“The National University of Beijing became the first centre of where the May 4th Movement evolved into the early communist movement. Wolfram Eberhard wrote in “A History of China”: and Chen Duxiu (Ch'en Tu-hsiu), then dean of the College of Letters, from 1920 on became one of its leaders. The Director of the University Library, Li Dazhao (Li Ta-chao), turned towards communism. With him we find one of his employees in the Library, Mao Zedong. In fact, the nucleus of the Communist Party, which was officially created as late as 1921, was a student organization including some professors in Beijing.” Mao later gave up his studies in Beijing and had returned to his home in Hunan, where, he organized his countrymen, the farmers of Hunan.
It is said that at the verge of the northern expedition of Chiang Kai-shek in 1928, Mao's adherents in Hunan already numbered in the millions; this made the quick and smooth advance of the communist-advised armies of Chiang Kai-shek possible. Mao developed his ideas in written form in 1927; he showed that communism in China could be successful only if it was based upon farmers. Because of this unorthodox attitude, he was for years severely attacked as a deviationist. See Separate Articles MAY 4TH MOVEMENT AND THE POLITICAL IDEAS AND REFORMERS ITS SPAWNED factsanddetails.com EARLY CHINESE COMMUNIST IDEOLOGUES AND THEIR IDEAS AND GOALS factsanddetails.com
In 1921, Mao attended the founding meeting of the Chinese Communist Party in Shanghai. In 1922 he organized the Hunan provincial branch of the Communist Party and set up labor and student unions. His revolutionary activities among peasant angered landlords in Hunan and Mao was forced to flee to Canton, where the Kuomintang and Communists held power as allies. With the 1927 split between the Kuomintang and the Chinese Communist Party (CCP), the CCP began to engage in armed struggle against the Chiang regime. The Red Army was established in 1927, and after a series of uprisings and internal political struggles, the CCP announced the establishment in 1931 of the Chinese Soviet Republic under the chairmanship of Mao in Jiangxi Province in south-central China.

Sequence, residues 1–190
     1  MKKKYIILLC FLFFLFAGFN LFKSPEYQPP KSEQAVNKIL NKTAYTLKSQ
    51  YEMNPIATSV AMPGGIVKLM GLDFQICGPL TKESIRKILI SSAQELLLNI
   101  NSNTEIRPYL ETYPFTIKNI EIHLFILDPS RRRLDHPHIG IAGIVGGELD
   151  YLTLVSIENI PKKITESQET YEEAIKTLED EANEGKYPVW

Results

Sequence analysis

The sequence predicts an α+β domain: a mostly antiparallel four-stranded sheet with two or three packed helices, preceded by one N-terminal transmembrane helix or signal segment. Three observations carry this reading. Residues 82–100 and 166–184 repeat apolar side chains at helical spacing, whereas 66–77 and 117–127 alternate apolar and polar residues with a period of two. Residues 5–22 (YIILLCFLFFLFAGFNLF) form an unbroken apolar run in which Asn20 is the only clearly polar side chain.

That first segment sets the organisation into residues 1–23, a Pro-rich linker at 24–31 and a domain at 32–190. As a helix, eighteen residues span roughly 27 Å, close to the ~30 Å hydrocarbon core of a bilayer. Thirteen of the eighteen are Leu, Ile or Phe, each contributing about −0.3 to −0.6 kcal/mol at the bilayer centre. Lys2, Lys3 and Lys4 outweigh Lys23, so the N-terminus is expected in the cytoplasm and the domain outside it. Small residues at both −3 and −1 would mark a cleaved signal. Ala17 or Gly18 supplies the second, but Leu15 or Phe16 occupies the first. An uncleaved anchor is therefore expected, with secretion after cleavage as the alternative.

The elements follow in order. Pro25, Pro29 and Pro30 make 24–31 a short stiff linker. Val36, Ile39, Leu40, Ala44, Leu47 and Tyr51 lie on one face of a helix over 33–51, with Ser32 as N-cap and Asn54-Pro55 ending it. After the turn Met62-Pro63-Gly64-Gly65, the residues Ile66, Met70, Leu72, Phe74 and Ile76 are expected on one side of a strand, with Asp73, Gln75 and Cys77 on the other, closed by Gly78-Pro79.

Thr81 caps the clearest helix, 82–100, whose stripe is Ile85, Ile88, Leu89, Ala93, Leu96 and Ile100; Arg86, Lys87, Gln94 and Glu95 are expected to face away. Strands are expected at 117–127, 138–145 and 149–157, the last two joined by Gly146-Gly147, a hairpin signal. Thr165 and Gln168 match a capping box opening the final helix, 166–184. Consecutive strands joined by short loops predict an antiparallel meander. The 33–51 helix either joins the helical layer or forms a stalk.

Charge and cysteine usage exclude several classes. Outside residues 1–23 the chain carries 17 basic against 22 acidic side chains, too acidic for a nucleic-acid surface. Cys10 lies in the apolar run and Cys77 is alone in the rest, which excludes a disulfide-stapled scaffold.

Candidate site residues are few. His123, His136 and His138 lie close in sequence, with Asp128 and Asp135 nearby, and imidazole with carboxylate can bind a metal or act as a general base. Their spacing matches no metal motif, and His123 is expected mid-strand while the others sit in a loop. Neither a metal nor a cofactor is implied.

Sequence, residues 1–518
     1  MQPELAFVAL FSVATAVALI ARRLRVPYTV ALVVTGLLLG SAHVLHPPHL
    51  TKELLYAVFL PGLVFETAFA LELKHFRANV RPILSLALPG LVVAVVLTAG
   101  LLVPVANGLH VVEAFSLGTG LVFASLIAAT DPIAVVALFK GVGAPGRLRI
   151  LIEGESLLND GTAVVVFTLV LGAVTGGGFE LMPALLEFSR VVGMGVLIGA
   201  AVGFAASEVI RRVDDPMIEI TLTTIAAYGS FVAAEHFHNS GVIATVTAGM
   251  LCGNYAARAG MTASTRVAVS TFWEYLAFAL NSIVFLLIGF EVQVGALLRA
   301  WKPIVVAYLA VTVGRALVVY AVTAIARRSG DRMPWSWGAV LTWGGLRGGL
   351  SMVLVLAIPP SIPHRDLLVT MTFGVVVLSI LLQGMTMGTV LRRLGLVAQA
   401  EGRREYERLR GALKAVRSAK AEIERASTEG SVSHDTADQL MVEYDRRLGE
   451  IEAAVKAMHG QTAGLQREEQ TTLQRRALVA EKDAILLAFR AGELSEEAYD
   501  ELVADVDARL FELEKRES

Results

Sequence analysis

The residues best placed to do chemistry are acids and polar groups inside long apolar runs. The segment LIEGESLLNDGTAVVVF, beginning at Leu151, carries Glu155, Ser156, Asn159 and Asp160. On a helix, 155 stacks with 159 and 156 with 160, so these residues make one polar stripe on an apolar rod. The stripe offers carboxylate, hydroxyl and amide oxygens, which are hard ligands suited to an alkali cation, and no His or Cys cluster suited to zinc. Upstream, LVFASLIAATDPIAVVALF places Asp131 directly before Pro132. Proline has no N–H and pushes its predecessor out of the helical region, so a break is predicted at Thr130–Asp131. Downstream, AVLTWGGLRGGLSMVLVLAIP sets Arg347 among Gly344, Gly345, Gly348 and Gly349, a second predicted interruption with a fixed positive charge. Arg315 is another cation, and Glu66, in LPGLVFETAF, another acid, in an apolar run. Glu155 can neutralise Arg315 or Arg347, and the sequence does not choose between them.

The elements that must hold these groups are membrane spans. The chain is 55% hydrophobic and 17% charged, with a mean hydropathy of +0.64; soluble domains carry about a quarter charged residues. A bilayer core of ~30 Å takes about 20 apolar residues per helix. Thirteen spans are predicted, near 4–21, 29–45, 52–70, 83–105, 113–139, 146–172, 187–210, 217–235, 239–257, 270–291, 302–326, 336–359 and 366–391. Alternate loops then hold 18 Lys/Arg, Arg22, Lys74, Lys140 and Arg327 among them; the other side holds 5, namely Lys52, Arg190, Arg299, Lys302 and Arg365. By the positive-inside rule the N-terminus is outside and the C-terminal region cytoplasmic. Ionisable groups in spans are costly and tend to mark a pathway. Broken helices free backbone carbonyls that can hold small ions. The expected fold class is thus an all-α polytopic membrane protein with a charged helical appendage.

In 2014, the Taiwanese newspaper the China Post reported: “ Mao Zedong was once on the payroll of the Kuomintang, archives from Taiwan's ruling party show. Mao joined the KMT in the 1920s when the Nationalists adopted policy of tolerance by befriending the Soviet Union and the Chinese communists in a bid to unite the war-torn country. The archives show that Mao received a salary of “120 Yuan” from the KMT in 1924. [Source: China Post, July 27, 2014]
Mao's Earliest Writings
Mao's earliest surviving essay, written when he was 19, championed the pragmatic but ruthless policies of Shang Yang, a 4th century B.C. administrator who established a set of laws designed "to punish the wicked and rebellious, in order to preserve the rights of the people." Mao concluded, "At the beginning of anything out of the ordinary, the mass of the people always dislike it."
Journalist Ross Terrill wrote that As a young man Mao wrote passionate articles about the individual’s freedom to love that old China had denied and new China would guarantee. But when Mao took over China, securing the wealth and power of the Chinese nation took preference over the individual. [Source: Ross Terrill, The China Beat, February 26, 2010]
In 1927 and 1930, Mao produced studies on rural conditions in Hunan and Jiangxi provinces that were key to the development of his theories on peasant mobilization and class struggle. The studies examined things like the practice of selling children to pay off debts, money made by local temples and disparities between rich and poor.